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and by attempting the repeal it, members of this body, members on the other side of the aisle, closed down this government, and threatened the economy of the united states. causing us more than $24 billion. this remind me of another period of our history. not so long ago. during the '50s many southern senators signed a southern manifesto after the supreme court decision of 1954. and those senators, along with many southern governors, subscribed to the doctrine of interposition and notification. and some even massive resistance. that's what we saw on the part of the republican members of the house and some of the republicans in the senate. the affordable care act is working.
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it is helping to make health care affordable and accessible to hundreds and thousands and millions of our citizens, who have never had health care before. when i was growing up in rural alabama, we couldn't afford to see a doctor. not only alabama but kentucky and georgia and all across the deep south can see a doctor. we must do what is right what is fair and what is just. now madam administrator i have a truck here this morning and i want to use my remaining time for you to explain to the members of the committee the success and the benefits of the aca. there have been a deliberate and systematic attempt on the part of the majority in the house and the minority in the senate to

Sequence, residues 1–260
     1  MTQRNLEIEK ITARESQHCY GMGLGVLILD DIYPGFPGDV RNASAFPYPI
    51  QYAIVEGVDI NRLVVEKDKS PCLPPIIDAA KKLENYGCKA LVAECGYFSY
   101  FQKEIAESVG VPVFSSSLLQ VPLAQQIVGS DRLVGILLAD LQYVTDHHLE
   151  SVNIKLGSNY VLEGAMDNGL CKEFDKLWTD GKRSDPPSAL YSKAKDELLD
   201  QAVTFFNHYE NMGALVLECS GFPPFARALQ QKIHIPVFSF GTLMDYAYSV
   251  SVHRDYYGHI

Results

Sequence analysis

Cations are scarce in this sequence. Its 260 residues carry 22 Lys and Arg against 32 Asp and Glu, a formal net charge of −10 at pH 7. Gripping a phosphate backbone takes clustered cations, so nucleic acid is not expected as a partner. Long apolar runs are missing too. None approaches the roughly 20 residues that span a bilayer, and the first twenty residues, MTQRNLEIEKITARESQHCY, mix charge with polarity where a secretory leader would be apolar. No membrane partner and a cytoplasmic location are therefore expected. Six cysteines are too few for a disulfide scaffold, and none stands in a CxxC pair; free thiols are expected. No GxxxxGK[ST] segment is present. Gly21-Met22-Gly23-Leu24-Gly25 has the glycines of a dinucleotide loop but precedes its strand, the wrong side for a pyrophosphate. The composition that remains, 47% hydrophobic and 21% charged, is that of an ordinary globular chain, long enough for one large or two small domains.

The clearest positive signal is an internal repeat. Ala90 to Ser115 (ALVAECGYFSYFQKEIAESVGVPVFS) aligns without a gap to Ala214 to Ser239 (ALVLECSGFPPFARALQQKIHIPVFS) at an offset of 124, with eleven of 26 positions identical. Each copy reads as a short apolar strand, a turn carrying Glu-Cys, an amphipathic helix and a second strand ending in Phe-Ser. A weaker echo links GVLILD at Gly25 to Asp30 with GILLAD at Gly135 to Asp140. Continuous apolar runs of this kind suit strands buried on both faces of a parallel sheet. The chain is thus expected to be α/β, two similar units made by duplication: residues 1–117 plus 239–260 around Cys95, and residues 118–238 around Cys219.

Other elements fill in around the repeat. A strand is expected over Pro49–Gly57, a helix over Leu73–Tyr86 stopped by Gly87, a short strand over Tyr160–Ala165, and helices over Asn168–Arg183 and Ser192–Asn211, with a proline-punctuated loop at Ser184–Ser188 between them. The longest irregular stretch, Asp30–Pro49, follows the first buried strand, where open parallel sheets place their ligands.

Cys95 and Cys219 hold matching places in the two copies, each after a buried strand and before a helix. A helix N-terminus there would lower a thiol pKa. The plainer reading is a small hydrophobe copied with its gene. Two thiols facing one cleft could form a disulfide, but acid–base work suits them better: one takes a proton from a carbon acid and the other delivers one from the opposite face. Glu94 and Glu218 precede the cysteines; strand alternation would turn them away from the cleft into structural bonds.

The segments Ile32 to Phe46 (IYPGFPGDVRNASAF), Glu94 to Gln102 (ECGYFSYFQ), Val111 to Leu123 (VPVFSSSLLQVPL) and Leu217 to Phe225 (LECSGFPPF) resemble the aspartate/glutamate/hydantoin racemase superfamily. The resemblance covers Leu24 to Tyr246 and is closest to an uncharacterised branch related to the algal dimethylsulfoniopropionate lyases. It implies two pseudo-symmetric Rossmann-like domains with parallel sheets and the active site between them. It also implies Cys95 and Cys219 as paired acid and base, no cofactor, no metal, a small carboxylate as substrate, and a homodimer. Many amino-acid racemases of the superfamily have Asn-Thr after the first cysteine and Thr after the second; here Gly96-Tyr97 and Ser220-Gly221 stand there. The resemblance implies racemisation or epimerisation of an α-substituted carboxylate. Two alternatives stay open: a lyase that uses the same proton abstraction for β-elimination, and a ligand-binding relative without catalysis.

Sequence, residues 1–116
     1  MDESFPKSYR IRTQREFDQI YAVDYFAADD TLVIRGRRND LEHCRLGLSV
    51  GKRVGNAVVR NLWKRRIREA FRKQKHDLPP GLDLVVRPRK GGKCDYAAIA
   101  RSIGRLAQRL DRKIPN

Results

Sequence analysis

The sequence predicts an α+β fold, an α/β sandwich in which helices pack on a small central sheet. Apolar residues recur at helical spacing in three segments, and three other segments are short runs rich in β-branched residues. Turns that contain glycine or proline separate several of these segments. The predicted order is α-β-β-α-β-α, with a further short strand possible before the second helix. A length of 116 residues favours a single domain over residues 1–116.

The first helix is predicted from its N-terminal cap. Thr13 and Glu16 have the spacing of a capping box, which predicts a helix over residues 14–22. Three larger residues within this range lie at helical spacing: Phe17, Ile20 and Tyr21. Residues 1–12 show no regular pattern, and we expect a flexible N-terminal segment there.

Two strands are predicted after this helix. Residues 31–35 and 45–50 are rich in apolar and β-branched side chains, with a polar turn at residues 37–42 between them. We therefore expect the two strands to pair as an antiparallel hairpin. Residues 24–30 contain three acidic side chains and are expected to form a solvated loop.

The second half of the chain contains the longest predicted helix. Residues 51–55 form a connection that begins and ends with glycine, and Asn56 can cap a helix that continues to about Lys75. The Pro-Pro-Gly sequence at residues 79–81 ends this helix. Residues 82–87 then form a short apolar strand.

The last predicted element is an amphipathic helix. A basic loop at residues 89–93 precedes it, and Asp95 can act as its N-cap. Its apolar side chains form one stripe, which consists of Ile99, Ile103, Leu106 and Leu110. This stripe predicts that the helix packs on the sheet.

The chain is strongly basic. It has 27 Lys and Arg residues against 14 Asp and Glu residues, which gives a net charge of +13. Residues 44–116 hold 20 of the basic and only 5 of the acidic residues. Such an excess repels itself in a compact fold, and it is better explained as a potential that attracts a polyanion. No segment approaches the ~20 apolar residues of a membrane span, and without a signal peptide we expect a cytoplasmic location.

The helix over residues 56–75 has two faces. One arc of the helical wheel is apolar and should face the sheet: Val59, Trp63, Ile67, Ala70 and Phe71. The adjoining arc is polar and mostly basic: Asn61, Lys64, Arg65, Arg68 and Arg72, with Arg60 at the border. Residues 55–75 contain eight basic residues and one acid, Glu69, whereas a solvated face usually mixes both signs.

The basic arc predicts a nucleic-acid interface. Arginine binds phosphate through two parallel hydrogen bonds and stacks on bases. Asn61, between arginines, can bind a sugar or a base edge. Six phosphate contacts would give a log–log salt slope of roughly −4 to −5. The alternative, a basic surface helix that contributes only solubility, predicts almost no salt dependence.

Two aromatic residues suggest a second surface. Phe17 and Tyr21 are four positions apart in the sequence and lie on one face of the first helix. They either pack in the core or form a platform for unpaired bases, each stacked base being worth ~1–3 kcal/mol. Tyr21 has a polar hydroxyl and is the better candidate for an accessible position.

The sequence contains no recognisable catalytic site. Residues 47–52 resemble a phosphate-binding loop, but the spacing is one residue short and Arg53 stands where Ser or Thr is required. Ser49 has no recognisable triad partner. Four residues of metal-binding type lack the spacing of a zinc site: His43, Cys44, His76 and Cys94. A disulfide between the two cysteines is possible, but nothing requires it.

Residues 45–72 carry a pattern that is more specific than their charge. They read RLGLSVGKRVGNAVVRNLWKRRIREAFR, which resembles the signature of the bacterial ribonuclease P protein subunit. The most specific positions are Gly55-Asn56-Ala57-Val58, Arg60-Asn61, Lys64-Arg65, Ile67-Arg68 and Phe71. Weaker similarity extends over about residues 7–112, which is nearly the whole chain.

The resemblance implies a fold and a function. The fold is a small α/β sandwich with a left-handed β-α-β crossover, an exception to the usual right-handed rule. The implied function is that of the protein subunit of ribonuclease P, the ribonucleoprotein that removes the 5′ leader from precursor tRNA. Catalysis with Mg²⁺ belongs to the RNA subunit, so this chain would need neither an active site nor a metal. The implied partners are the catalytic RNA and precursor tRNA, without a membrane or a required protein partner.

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make it impossible for all america to receive quality health care. and some of us will not stand for it! we will stand up and fight for what is right, for what is fair and what is just! health care is a right and not a privilege! walk us through the try. >> the 78 million consumers spendinsaving $3.8 billion on tr premiums. the medical loss ratio, this went in the form of checks to individuals. i actually got thank you cards from individuals that i had never met, thanking me for the rebate. 17 million children with preexisting conditions were used to be able to be denied coverage. this goes back to the flaws in the laws before the affordable
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care act. 16.6 million able to stay on their parents plan, critical at the time what was going through their economy. 17.7 million seniors in the doughnut hole, let me remind you that the part b premium being flat for next year, that is some of the work of the affordable care act in controlling cost. and let me just say going back to your point, congressman, is that if we had the highest outcomes, if we had the lowest infant moralityity, if we had the longest life span, maybe it would be worth it but it does not look good and the condition of the country is not good and certainly in the deep south that is the case. >> thank you very much, yield back my time. >> we went through website, we don't see anywhere where it says